Monitorî for hearings, witnesses and upcoming votes of local interest; looking
through The Washington Post, The Wall Street Journal, The New York Times, The
Washington Times, The Hill and Roll Call; searching the ìFederal Registerî;
and checking on local Supreme Court cases. I also try to keep track of when
reports (campaign finance, financial disclosure, Census, interest group,
etc.) are coming out.
For legislative coverage, I try to get my lawmakers on the record on votes
of interest before the vote so that their constituents have a chance to weigh
in. I'll leave the story on the actual vote to the wires unless the lawmaker
had been undecided or switched. Some hearings I cover as a daily story (if
there's a local witness, for example). For others, I'll preview them or write a
weekender after the hearing if the issue lends itself well to a more
featury piece, as had occurred with a hearing on banning Internet gambling.
My former bureau chief believed that each day's budget should reflect the
news of the day in Washington with a local twist. In addition to showing
readers the stake they have in daily actions, I think it's my job to find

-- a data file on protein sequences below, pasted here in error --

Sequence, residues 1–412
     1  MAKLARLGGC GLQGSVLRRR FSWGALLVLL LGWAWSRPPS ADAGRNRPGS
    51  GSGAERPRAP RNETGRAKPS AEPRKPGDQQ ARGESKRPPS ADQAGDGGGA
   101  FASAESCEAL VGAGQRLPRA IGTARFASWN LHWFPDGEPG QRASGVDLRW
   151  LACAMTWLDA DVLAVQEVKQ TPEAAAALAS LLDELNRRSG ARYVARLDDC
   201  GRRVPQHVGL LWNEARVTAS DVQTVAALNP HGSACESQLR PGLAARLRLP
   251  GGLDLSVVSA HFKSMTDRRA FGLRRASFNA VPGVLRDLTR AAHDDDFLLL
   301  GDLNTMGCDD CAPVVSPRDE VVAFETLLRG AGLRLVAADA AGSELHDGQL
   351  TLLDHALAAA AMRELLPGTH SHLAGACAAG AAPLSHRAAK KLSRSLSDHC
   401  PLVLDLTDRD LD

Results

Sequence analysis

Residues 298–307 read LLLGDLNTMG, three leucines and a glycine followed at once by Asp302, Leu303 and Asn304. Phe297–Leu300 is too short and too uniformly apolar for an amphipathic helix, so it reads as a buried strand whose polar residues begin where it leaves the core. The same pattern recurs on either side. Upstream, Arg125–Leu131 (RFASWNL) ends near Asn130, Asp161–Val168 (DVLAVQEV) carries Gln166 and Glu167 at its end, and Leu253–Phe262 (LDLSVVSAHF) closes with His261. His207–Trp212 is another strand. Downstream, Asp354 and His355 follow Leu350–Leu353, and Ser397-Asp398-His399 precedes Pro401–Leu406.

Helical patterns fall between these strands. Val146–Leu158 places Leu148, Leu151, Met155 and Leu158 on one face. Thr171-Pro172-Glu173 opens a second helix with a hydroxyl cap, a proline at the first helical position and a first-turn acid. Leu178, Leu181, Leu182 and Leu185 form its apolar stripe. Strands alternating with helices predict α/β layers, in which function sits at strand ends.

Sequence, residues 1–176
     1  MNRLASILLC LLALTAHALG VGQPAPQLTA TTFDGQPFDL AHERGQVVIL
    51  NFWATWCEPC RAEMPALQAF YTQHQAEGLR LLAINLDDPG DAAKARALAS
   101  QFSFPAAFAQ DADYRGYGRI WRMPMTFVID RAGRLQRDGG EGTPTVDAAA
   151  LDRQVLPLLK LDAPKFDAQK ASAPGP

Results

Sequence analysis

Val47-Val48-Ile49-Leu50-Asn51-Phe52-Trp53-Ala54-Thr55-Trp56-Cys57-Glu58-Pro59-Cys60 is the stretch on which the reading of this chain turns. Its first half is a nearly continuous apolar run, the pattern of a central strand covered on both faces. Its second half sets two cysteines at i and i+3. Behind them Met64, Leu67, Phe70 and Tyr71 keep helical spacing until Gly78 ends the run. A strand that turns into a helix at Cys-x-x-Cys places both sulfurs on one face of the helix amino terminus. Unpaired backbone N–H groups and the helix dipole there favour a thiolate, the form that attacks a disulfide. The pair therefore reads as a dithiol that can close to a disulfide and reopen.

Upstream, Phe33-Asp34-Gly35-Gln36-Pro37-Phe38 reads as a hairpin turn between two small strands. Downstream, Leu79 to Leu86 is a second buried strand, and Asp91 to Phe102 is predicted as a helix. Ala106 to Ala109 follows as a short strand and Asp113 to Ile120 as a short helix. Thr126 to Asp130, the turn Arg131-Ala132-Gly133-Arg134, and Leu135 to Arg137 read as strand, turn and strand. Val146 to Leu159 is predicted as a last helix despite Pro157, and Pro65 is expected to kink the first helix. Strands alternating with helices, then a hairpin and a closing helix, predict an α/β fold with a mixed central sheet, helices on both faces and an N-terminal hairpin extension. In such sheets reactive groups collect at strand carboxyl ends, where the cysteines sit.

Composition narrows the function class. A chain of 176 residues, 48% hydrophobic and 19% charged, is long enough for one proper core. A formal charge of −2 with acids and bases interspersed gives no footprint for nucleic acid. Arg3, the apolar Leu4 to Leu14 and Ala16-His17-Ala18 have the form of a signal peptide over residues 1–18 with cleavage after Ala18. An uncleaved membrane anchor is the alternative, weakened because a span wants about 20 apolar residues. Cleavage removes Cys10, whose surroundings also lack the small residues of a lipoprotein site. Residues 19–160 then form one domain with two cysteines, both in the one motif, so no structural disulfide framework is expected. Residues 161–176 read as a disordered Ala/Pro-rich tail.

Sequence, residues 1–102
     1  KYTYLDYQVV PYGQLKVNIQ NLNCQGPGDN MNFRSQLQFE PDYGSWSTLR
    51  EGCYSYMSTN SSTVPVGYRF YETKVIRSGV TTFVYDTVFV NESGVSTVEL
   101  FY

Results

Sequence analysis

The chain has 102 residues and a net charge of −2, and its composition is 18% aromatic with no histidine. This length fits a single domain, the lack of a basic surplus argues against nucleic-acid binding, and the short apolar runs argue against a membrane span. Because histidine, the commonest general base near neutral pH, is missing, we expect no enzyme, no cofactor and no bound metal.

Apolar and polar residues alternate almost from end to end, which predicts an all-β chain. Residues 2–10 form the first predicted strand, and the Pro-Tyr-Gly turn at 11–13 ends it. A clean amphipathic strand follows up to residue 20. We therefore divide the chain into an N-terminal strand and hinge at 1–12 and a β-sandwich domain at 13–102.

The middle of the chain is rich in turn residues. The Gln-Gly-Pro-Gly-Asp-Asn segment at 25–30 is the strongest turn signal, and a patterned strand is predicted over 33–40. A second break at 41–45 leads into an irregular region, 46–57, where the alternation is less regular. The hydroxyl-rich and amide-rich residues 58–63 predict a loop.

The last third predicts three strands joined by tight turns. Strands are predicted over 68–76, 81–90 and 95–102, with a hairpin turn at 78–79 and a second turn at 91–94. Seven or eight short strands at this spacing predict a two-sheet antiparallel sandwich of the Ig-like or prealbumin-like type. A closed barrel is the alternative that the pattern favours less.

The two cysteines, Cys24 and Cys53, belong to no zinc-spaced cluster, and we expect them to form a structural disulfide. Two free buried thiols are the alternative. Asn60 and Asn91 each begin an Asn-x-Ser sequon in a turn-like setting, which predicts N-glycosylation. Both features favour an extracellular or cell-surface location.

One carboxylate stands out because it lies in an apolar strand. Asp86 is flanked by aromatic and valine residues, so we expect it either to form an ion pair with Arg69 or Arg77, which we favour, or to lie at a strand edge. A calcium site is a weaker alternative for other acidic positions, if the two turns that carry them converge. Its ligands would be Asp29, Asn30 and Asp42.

the stories they wouldn't get otherwise -- such as a local hunter requesting
permission to bring a polar bear skin into the country or land in a public
forest being set aside for amateur gem collectors.
And although I don't write about every move that the local congressmen
make, I need to keep tabs on them. That way, they know they'll be held
accountable, and I know Iíll be able to better assess their actions when I do write.
And all that helps my editors keep a better tab on what I'm doing.
Regional reporters are making their way onto the National Press Clubís
Board of Governors. With their help, RRA should maintain its good relationship
with the National Press Club.
Former RRA president Larry Lipman of the Palm Beach (Fla.) Post was elected vice president.
Former RRA president Sylvia Smith of the Fort Wayne (Ind.) Journal Gazette narrowly lost a bid for a one-year term.
The RRA board at its Jan. 5 meeting discussed relations with its sister
organization, the Regional Reporters Educational Foundation. RRA President
Jerry Zremski reported he met with Alan Schlein, a director of RREF, about
the future of the organization and whether it should be dismantled. The
organization provided education grants to regionals but has been largely
dormant the last several years. Some RRA officers serve on the RREF board.
Carl Weiser of the RRAís Newsmaker Committee outlined plans to circulate